Wright school could be placed in KOZ

Owned by the Altoona Area School District, the former Wright Elementary school building does not generate tax revenue for the district’s coffers. And to date, there have been offers for Wright but only from tax-exempt entities, board member Tim Lucas said.

To draw taxpaying businesses to the building, the board is considering providing an incentive – seven to 10 years of allowing the business that moves to the former school to be exempt from property taxes.

Altoona-Blair County Development Corp. President and CEO Marty Marasco and Executive Vice President Pat Miller on Sept. 9 requested the board sign a proposal to designate the former Wright Elementary building as Keystone Opportunity Zone.

Board President Ryan Beers said the proposal could come to a vote during the board’s October meeting.

The state’s Keystone Opportunity Zone program provides businesses the opportunity to develop on land with greatly reduced state and local taxes.

If the board chooses to designate the building as a KOZ and other taxing bodies agree, the district would still collect wage tax revenue from a business that decides to build on the property.

The district has had a history of cooperating with ABCD by establishing Keystone Opportunity Zones in the district.

A majority of zones are for businesses, but some are residential.

Marasco said it was Assistant Superintendent Mary Lou Ray’s suggestion to include the former Wright building in the program.

“With no taxes being generated on the property now, who knows, if you can incentivize it, then you can get a taxpayer in the building knowing there would be an abatement on taxes, which would help them afford upgrades to the facility,” he said.

Businesses that have used the KOZ program and are going on Hollidaysburg Area School District tax rolls for the first time Jan. 1 are the three businesses in the DeGol Industrial Center and the Sheetz Distribution Center in Walter Business Park.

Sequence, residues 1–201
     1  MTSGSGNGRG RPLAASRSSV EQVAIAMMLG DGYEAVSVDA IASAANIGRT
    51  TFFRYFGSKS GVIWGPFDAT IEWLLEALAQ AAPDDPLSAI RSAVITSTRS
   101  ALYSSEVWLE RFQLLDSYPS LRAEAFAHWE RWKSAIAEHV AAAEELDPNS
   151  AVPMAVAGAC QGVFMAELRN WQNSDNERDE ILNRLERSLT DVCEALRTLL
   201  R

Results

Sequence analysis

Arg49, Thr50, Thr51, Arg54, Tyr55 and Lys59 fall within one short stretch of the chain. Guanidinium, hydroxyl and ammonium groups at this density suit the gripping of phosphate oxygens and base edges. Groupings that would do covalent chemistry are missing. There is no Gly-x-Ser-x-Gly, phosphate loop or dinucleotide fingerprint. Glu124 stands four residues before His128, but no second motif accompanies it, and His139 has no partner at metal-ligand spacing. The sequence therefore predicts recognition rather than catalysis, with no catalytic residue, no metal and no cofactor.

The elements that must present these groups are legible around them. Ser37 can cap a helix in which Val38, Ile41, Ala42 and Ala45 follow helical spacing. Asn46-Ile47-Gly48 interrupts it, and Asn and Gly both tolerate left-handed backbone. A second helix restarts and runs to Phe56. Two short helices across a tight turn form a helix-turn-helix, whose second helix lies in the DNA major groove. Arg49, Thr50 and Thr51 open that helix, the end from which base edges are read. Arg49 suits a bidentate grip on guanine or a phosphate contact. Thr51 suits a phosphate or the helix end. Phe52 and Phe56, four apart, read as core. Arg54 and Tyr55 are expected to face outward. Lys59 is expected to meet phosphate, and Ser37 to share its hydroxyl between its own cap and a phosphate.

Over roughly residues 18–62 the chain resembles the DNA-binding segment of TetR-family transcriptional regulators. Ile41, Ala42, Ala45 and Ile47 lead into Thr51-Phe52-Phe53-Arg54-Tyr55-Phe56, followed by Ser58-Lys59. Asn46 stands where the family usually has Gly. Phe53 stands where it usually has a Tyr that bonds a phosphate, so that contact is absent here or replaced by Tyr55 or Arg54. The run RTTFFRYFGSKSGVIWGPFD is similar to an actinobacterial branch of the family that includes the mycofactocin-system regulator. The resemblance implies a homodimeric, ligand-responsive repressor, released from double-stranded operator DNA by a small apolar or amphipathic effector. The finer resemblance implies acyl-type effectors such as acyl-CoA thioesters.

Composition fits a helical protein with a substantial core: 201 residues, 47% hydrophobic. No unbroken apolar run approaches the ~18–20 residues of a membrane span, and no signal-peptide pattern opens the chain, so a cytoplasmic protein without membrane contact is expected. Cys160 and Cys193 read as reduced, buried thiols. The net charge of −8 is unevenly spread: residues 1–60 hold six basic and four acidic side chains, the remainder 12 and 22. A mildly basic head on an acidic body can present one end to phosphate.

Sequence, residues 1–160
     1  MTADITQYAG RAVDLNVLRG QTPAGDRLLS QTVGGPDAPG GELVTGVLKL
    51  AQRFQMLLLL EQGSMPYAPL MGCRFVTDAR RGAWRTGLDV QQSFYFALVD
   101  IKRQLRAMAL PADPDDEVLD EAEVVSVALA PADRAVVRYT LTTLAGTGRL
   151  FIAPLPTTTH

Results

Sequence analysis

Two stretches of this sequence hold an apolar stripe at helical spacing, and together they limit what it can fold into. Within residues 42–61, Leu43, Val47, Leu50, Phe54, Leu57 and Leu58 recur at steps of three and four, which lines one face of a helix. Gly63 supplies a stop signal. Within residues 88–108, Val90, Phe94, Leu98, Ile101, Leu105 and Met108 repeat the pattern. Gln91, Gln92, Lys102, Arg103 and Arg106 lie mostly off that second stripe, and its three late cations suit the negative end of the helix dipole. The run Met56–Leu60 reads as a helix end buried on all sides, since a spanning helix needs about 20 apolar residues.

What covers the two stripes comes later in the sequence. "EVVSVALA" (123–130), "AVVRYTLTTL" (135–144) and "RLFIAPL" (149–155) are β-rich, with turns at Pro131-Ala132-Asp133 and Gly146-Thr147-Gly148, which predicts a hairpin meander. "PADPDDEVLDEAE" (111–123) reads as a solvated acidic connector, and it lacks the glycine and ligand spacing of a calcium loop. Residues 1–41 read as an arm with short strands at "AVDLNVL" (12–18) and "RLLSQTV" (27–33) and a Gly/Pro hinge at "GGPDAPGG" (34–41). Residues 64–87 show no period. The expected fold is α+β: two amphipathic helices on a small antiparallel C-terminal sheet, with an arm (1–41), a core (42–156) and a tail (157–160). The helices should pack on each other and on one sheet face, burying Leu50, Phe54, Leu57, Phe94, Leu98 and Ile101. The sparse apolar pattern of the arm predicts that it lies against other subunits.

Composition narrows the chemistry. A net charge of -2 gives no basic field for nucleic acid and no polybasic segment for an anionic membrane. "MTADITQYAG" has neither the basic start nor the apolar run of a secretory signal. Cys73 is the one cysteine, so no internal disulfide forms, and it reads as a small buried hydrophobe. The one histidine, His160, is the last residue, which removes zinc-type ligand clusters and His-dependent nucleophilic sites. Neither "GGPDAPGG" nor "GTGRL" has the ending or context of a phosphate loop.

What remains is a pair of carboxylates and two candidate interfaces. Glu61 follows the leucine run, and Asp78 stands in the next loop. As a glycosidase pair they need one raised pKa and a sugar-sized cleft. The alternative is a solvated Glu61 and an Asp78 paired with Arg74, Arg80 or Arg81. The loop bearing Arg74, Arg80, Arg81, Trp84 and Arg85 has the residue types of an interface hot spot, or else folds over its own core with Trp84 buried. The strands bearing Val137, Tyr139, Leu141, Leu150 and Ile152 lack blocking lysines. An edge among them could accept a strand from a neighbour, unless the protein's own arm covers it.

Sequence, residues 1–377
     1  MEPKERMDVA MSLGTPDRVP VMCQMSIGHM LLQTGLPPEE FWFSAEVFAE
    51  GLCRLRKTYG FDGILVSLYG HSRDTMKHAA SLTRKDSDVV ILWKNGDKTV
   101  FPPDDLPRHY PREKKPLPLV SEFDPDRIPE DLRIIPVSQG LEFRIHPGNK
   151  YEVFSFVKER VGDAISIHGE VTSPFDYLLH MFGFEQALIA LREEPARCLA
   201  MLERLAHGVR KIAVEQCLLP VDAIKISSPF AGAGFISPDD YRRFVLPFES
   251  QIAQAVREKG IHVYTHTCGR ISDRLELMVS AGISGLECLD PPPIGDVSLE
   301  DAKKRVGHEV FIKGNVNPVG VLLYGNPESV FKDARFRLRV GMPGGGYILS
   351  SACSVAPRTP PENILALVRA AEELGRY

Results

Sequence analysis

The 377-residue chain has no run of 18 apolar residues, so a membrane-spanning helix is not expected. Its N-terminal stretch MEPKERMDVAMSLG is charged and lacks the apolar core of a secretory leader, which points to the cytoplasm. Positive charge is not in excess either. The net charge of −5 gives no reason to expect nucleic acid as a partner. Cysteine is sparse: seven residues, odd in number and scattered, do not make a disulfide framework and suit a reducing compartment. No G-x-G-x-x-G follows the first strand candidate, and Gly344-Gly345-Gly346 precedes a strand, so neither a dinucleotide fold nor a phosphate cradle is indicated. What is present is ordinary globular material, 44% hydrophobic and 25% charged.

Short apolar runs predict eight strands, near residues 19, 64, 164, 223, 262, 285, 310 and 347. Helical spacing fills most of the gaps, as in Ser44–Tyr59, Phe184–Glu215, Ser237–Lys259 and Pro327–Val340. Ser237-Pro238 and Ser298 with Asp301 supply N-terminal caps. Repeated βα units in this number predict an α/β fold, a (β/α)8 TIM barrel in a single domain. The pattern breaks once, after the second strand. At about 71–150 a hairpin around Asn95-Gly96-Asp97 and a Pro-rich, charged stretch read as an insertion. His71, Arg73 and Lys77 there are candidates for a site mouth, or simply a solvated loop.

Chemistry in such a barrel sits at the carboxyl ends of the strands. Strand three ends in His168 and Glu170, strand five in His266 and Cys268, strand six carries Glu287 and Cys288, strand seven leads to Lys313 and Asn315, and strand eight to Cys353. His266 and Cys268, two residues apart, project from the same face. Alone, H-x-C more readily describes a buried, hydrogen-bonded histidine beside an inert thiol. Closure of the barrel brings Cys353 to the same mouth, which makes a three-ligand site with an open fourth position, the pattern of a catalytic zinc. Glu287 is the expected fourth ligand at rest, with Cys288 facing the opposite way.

It’s not yet certain how much property tax revenue those businesses will produce until the buildings are assessed.

Miller said people assume Sheetz would have built in Blair County regardless of the incentive offered by the KOZ zone because the Sheetz family is from Blair County. However, Miller said Blair County was in stiff competition with West Virginia, where Sheetz was considering “to be in the middle of its distribution network,” Miller said.

“KOZ was a big factor,” he said at a recent meeting.

There has not been an instance in Blair County, Marasco said, where a business completed the seven years tax-free, then moved to another location or attempted to move to another KOZ zone. He said it’s possible, but that has not happened.

The business out of KOZ status the longest in Blair County is Smith Transport, which went on tax rolls in 2008, Marasco said.

In addition to the local property tax abatement, Miller said the KOZ program may reduces state taxes. The program may reduce corporate net income tax, personal income tax and sales and use tax on purchases used and consumed by businesses in a KOZ. State tax abatements begin at the time construction begins. Local tax abatement begins when the business begins operating, Marasco said.

Other KOZ sites in the county include the Robert C. Jubelirer Business Park in Snyder Township, where benefits will continue for Light Tool and Machine until 2015. Benefits will continue for Gardner-Denver at enterprise business park until 2020.

“As an economic development company, we have to pursue it. If we don’t, we wouldn’t be competitive [with other parts of the state and country].”